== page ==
By Sonia Oxley
MANCHESTER, England (Reuters) - When Alex Ferguson wakes up on Monday morning without a Manchester United team to manage he will not be putting his feet up and settling into a quiet retirement.
The 71-year-old Scot takes charge of his 1,500th and final United game at West Bromwich Albion on Sunday before stepping down after more than 26 years at Old Trafford.
He might have had 10 hours' sleep for the first time ever on Monday night after a huge celebratory open-top bus parade through Manchester to mark his 13th and the club's 20th top-flight title but rest is not on his agenda.
"I don't think I'm going to be that way, I'm driven to take on some challenges and some other things right away," he told his final pre-match news conference where he entered to applause from reporters who have not always enjoyed the easiest relationship with him.
"I've got a league managers' meeting on Monday, I'm going to Newmarket (races) on Tuesday and Wednesday ... it's the Derby (at Epsom) on June 1, I'm going on holiday for a month, then I'm having the (hip) operation, then I've got the recuperation, then the season starts so we're OK."
Ferguson is staying on at the club as a director and has hand-picked his successor in Everton manager David Moyes and few people would imagine him sitting quietly upstairs when the new season gets underway.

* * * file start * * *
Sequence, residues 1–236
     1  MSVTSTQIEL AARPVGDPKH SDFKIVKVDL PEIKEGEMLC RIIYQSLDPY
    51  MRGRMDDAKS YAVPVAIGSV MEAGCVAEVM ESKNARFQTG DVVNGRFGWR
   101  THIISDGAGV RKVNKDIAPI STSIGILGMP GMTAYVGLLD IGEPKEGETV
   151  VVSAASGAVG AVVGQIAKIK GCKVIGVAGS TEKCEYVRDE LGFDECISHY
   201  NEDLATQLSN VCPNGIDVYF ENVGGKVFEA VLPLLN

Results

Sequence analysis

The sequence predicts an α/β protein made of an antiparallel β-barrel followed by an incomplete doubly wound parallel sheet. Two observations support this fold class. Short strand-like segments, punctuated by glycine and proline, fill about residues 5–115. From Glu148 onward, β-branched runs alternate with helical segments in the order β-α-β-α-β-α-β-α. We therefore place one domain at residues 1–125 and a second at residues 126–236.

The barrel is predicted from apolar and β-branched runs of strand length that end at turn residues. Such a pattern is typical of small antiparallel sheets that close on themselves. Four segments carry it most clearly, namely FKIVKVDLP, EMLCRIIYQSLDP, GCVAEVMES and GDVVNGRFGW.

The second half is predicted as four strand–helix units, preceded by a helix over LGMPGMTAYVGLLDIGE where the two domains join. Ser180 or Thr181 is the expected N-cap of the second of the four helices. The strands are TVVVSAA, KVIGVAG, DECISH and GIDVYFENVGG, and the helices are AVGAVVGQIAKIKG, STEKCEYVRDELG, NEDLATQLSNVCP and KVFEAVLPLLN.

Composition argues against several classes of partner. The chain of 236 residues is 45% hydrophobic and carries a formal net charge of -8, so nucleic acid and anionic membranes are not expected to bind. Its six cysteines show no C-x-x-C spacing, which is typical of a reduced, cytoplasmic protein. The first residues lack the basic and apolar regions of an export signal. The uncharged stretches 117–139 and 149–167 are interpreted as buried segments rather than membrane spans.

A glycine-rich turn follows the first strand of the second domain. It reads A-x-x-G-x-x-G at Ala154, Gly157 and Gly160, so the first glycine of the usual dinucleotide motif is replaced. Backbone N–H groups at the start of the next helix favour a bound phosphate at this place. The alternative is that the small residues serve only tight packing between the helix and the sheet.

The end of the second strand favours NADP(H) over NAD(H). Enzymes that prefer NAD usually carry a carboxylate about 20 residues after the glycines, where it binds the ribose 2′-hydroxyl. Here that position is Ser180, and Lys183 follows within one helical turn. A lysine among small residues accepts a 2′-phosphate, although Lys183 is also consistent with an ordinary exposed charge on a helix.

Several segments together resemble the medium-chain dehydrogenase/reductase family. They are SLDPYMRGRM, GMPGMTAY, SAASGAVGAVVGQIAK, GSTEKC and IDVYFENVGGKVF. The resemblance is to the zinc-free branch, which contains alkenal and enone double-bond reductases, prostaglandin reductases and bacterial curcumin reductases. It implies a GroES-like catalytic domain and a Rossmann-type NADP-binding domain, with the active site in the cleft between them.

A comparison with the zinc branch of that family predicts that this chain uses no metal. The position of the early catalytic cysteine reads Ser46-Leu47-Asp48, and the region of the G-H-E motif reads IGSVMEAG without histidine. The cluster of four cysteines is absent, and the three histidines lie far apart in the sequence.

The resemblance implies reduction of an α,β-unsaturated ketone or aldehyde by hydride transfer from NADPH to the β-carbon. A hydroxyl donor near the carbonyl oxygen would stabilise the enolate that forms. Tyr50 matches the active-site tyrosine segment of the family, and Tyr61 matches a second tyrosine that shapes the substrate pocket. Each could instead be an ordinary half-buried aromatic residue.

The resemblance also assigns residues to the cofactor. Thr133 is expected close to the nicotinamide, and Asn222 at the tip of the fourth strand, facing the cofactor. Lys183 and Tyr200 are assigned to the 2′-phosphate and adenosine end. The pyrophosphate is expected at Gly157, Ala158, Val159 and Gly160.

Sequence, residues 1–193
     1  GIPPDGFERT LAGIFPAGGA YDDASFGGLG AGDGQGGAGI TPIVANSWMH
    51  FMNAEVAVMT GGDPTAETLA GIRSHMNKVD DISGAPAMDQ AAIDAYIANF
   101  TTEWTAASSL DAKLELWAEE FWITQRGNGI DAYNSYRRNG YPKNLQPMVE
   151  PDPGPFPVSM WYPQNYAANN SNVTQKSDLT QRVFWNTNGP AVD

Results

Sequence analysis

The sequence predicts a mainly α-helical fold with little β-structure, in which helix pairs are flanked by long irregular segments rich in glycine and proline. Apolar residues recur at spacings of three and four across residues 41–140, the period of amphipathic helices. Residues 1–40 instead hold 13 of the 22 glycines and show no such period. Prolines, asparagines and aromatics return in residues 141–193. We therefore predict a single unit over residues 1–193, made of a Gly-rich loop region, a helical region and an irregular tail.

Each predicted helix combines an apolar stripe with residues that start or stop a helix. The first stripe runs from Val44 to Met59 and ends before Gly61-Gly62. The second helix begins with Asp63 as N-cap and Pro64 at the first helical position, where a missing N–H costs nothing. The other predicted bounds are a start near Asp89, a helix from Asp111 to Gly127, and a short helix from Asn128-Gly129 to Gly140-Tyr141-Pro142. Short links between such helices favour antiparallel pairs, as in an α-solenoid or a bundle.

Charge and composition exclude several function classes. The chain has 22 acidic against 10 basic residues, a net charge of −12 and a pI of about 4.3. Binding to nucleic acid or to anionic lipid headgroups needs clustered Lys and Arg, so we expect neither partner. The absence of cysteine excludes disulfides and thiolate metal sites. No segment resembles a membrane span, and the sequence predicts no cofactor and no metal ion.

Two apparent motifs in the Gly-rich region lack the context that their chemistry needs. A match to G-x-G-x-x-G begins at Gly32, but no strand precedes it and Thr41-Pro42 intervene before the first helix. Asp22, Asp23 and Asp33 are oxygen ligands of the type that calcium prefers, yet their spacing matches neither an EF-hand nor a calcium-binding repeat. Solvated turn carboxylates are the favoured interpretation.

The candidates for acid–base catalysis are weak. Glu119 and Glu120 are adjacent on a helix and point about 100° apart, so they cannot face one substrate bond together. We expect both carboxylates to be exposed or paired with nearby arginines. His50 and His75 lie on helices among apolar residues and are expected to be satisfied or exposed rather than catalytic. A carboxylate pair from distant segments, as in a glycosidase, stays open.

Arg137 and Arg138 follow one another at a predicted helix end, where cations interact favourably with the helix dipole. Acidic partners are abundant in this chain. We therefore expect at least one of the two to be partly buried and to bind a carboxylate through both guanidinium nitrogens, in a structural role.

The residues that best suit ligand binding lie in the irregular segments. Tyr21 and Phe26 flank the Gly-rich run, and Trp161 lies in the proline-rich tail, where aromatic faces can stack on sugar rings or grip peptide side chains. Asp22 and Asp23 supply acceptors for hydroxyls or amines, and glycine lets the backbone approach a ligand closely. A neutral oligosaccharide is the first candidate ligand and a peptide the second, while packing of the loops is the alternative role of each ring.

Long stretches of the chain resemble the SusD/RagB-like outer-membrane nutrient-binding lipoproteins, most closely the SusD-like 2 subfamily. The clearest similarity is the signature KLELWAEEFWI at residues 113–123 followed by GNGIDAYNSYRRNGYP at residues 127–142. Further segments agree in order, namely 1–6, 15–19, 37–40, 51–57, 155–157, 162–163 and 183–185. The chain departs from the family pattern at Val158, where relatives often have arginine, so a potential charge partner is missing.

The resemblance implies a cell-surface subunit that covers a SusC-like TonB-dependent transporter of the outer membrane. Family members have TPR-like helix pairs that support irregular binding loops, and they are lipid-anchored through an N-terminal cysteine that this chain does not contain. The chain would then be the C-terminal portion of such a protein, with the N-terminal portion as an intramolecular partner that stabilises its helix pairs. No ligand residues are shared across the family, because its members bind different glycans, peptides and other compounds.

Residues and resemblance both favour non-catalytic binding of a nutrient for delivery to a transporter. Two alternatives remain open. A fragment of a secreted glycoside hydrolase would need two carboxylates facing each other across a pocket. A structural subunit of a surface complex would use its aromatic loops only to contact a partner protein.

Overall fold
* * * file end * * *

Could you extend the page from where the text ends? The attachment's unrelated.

He took time to consider what had changed in the 39 years he has managed in a career that has taken him from East Stirlingshire to St Mirren to Aberdeen before his appointment at United in 1986.
"Thirty nine years as a manager, 1974 - going from that day (when I had) eight players, no goalkeeper to today - six goalkeepers, 100 players," he said.
"Change is inevitable, you have to manage that," he added. There have been big changes in this club in terms of number of staff, sports science, modern technology has come into it.
"When I started as a manager there were no agents, media was different then too ... the changes are all there ... but I don't think I've changed much."
United wrapped up the Premier League title last month with four games to spare and have been basking in the glory ever since with celebrations on the pitch after Sunday's final home game against Swansea City, parties and a bus parade.
"I got home that night (after Monday's parade) and I got 10 hours' sleep - the first time in my life that I've had 10 hours' sleep," Ferguson, who has a reputation as a workaholic and is always the first to arrive at the training ground, said.
"(Wife) Cathy kept making sounds round about me, I think she was just checking to see if I was alive."
United are 10 points clear of second-placed Manchester City and guaranteed to win the title by at least seven points even if they lose at West Brom.
Ferguson, however, will want to go out on a winning note on Sunday when he will make some changes to his team to give some of his youngsters a chance to play.
"1,500 matches - quite incredible. Every team wants to win their last home game, that's a fact of life and also I want to win this one more than last week's even," he said.
"Twenty six years at Manchester United is fantastic ... the day I came here was a privilege and day I've left will be an honor. I'm lucky to have been here that long."
(Reporting by Sonia Oxley; Editing by Justin Palmer)